In spite of my earliest teachers' accomplishments, their fancy degrees proudly hanging on their walls, how many friends they have at conventions, how well they may or may not play, etc. they weren't able to do in eleven years what Tom Poore was able to do for me in just a few weeks. That is because he has that "something" that many people don't have. And that something isn't some natural gift. That would be an insult to his hard work and the accomplishments that he earned. He was able to break down what it is that great players do to the smallest components, and pass that information on in easily manageable and digestible tasks. He had the ability to give a student only the most relevant information that was immediately needed for a student's focus. And he was able to provide appropriate repertoire allowing the student to focus on building the new skill. Through carefully selected exercises and repertoire, he was able to show a student how to not practice mistakes and build habits of security and confidence. He was able to show a student how to work efficiently and effectively. And the other half of what he was able to do was provide leadership. He didn't concern himself with common problems of high turnover, appeasing students, and telling them what they wanted to hear. No matter how difficult or uncomfortable it may have been for him, he stepped in the very moment something wasn't right, made sure the student understood why, and guided them to get things right before moving on. He had a responsibility and he took it very seriously. He refused to allow a student to play with poor tone, poor technique, or to practice poorly. But the other half of that was that he always provided the student with a manageable and logical way to achieve those things. He wasn't standing on the shore telling someone to swim to him. Instead, he was out in the water helping the student to learn how easy and natural swimming is. And the student would make it to the shore because they were taught how to do it. And I repeat myself: he was a very young and inexperienced teacher at the time.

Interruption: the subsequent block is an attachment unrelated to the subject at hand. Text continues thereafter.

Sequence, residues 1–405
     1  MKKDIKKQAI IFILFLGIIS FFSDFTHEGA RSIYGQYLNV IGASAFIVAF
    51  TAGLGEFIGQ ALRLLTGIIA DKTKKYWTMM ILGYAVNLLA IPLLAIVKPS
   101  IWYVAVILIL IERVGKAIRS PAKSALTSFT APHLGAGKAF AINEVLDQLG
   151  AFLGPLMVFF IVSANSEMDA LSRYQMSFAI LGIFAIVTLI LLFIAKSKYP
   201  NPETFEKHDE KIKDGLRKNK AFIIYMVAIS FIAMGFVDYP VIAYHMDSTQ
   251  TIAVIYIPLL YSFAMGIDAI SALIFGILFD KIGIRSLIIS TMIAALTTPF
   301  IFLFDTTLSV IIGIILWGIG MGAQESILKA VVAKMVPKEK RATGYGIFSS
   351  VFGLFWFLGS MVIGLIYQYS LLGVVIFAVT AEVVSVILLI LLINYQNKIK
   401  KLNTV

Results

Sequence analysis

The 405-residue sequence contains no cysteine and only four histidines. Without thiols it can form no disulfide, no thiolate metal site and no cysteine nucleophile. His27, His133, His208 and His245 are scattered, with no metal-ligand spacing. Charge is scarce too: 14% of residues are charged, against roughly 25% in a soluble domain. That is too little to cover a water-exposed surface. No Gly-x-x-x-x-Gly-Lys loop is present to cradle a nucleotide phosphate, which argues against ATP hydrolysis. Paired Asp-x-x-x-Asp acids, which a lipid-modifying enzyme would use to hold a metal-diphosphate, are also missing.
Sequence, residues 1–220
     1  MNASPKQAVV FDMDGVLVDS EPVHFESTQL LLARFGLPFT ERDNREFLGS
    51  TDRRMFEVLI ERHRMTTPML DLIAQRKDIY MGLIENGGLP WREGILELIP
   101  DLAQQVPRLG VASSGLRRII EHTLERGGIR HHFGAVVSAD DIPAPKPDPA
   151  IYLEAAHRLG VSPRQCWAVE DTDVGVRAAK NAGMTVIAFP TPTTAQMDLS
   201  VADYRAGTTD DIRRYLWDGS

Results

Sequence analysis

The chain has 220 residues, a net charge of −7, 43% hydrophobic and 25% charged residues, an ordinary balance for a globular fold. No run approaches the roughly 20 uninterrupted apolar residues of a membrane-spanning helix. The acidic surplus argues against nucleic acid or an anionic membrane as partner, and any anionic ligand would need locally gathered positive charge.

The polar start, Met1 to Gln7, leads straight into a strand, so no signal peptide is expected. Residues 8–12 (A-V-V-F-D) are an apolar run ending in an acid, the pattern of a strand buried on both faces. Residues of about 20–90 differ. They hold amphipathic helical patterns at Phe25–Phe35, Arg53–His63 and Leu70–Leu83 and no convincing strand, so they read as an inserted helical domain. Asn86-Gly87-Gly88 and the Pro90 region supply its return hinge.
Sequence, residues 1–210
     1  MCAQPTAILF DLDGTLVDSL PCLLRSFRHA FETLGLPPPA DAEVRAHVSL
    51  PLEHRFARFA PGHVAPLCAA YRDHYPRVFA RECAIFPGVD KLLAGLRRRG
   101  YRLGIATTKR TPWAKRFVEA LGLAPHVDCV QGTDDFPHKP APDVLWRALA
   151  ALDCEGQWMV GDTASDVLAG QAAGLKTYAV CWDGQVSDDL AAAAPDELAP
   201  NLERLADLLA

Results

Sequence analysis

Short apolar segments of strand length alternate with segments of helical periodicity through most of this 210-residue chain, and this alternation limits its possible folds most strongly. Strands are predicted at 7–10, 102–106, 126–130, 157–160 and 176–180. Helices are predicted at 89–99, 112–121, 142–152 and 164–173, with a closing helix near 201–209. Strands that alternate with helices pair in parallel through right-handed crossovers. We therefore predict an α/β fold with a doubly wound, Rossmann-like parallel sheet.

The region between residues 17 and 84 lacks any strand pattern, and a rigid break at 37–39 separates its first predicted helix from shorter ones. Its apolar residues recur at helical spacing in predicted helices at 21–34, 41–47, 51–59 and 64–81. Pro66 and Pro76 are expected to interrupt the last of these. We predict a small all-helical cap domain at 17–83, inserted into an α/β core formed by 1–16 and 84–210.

And that "something" that a young, inexperienced, Tom Poore had at the time (I can't begin to imagine how his teaching must have evolved since that time so long ago) was learned and can be learned by any one. But Tom is the one who chose to do the work. And so did Rod Stucky. And Stucky refused to give anyone a degree without his students also doing the work.
If someone thinks that my experience with Tom Poore is what happens in most music studios, then they aren't paying attention. Musicians are often the ones who made it to shore in spite of their teachers. And to state the obvious, those same musicians are often the ones that end up teaching out of necessity. And many believe that, if they could do it, then everyone else can do it too. And to back them up, they have their very best students to prove it, and to hell with everyone else. There is a common misunderstanding that it doesn't require much just to teach the basic. In many ways, teaching beginners is far more difficult than teaching advanced players or intermediate students. And teaching beginners is the majority of what most teachers will ever do.
And you know what? Of course I am biased, but teaching is the absolute most greatest experience in the world. Sure, it is great to help someone learn to play a piece of music more expressively. Sure it is great to help someone find a more effective way to play scales or arpeggios. Sure it is great to see a student push beyond what you are even capable of doing yourself.
But to me? One of the most exciting things is seeing someone that has never touched a guitar before learn how to play musically and expressively with security and confidence. One of the most exciting things is helping a new and disgruntled student from a prior teacher firmly establish fundamentals and basics that allow them to continue on to higher levels. My advice in one sentence because these will
be the majority of your students. Prepare for that.
Dr. Todd Tipton, Noda Guitar Studio
Charlotte, NC, USA (available via Skype)